Transport Secretary Chris Grayling has dismissed calls for a freeze on rail fares, as it emerged the prices of many tickets are likely to increase by 3.2% next year.
Speaking to ITV News, Mr Grayling refused to say there would be a freeze, but confirmed that the cap would be at 3.2% from 1 January.
"No fare rise has been announced, today's announcement is the cap put on fares from next January," the Epsom and Ewell MP explained, adding that he does "not set fares" and that it is the decision of train companies whether or not to raise their ticket prices.
Should they choose to, companies could decide to keep their prices the same.
The likely increase could see some long-distance commuters hit with a price hike of more than £330.
Around 40% of fares are expected to rise by 3.2% in January, including season tickets on most commuter routes, some off-peak return tickets on long-distance journeys and Anytime tickets around major cities.
The price of these fares is controlled by the Government who set the cap, the prices of other tickets are decided by train companies.
The Government uses the July Retail Price Index (RPI) measure of inflation – announced by the Office for National Statistics on Wednesday – to determine the cap on the annual increase.
When questioned by ITV News whether a summer beset by delays and cancellations across a number of rail routes could merit a potential price rise in January, Mr Grayling conceded that recent services had been "unacceptable" and he was "hugely frustrated" by it all, but cautioned that introducing a freeze on ticket price increases would only result in "cuts in investment".
He added that "a fares freeze either means an increase in taxation or it means service cuts".
Doing so would lower price rises and ensure that the "rail industry and rail staff are treated the same as everybody else," Mr Grayling said, but added that "the unions' position appears to be 'we want bigger pay rises for our members and we want passengers to pay for them'".
In response, union leaders accused him of trying to cap pay rises in the industry and blame workers for rising ticket prices.
Amid anger over the likely increase in fares, the Rail Delivery Group said 98p of every pound spent on train fares is invested back into the railway.
However, consumer groups claim fare rises are pricing people off the railways because wages are not increasing at the same rate.
Labour leader Jeremy Corbyn branded the planned price rises "an insult to everyone who has suffered from the chaos on Britain’s railways".
Rail, Maritime and Transport union General Secretary Mick Cash described the increase as a "kick in the teeth" for "passengers already furious at the shocking level of service on Britain's rip-off privatised railways".
He added that the decision to increase fares would "come back to haunt both the Tory Government and the train companies alike...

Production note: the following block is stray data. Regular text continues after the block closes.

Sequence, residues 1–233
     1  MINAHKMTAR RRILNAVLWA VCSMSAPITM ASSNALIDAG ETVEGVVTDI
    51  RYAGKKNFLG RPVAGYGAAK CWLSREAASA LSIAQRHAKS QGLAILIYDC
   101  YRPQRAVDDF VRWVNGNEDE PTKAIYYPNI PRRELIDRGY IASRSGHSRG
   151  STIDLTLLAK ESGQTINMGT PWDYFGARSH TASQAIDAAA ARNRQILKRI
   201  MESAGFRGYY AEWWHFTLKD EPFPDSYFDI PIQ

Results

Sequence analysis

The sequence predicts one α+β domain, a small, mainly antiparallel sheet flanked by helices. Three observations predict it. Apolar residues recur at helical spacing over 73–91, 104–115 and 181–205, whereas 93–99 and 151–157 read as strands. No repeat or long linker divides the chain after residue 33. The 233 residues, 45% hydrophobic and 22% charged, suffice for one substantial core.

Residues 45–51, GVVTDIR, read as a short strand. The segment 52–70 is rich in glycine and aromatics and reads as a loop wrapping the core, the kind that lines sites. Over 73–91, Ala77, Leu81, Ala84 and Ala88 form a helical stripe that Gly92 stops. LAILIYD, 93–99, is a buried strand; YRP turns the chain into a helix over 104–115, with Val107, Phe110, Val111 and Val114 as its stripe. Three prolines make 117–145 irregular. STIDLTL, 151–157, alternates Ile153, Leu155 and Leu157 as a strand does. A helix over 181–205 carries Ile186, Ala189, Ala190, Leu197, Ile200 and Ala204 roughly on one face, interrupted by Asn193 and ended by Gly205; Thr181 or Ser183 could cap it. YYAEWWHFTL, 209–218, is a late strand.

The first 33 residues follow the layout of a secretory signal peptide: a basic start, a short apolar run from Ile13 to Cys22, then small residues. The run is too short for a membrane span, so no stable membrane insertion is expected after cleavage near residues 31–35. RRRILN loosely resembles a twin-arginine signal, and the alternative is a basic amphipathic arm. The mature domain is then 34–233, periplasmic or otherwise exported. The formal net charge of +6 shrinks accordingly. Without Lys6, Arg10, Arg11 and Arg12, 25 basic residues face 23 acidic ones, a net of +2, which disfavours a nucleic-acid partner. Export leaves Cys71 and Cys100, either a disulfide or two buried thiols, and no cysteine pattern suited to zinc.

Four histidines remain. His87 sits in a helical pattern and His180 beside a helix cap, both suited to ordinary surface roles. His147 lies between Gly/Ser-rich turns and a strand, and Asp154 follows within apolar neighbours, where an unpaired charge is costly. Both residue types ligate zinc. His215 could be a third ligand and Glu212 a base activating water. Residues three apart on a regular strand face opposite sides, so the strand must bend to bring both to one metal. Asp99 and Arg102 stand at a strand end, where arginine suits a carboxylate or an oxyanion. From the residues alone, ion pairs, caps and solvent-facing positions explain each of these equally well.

"If it wasn't for the profiteering and exploitation that is endemic after more than two decades of rail privatisation, we would have enough cash in the pot to invest in staffing and infrastructure and hold down fares at the same time.
"What will really stick in the throat of the long-suffering British public is the fact that three-quarters of our train services are now controlled by overseas operators, with the profits from today's fare rises shipped across the channel to subsidise passengers in Berlin, Paris and Amsterdam."
Mr Cash also called for the renationalisation of rail services.
GMB General Secretary Tim Roache added that the price rise would be "a grim start to the new year" for commuters "when they are forced to pay even more extortionate prices for a frankly shocking service from the privatised rail companies.
"Rising travel costs, effectively a commuter tax, place an intolerable burden on working people, especially when wage rates don't keep pace.
"The annual price hike seems to be the only part of the privatised railway that always runs as scheduled."
Is there any way to avoid the price hikes?
Savvy commuters who renew their season tickets in the days before the annual rise will pay the 2018 price, rather than the increased one for 2019.
Passengers can also save money by getting a railcard, travelling off-peak and booking in advance, although these options are not available for many journeys, particularly by commuters.
Which train season tickets are likely to rise the most from 2018 to 2019?
Birmingham to London - £10,564 to £10,902, an increase of £338
Coventry to London Euston - £9,340 to £9,639, an increase of £299
Swindon to London - £8,740 to £9,020, an increase of £280
Norwich to London - £8,164 to £8,425, an increase of £261
Rugby to London via Virgin Trains - £8,124 to £8,384, an increase of £260
Corby to London - £8,084 to £8,343, an increase of £259
Stoke-on-Trent to Milton Keynes Central - £7,320 to £7,554, an increase of £234
Ipswich to London - £6,548 to £6,758, an increase of £210
Dover Priory to London via HS1 - £6,544 to £6,753, an increase of £209
Peterborough to London via Great Northern - £6,540 to £6,749, an increase of £209
Hastings or Rye to London St Pancras via HS1 - £6,492 to £6,700, an increase of £208
Carlisle to Preston - £6,060 to £6,254, an increase of £194
Southampton Central to London Waterloo - £5,700 to £5,882, an increase of £182
Northampton to London - £5,604 to £5,783, an increase of £179
Dover Priory to London not via HS1 - £5,512 to £5,688, an increase of £176
Exeter St David to Bristol Temple Meads - £5,260 to £5,428 an increase of £168
Milton Keynes to London - £5,208 to £5,375, an increase of £167
Hastings or Rye to London not via HS1 - £5,200 to £5,366, an increase of £166
Chatham to London via HS1 - £5,168 to £5,333, an increase of £165
Oxford to London Paddington - £5,096 to £5,259 an increase of £163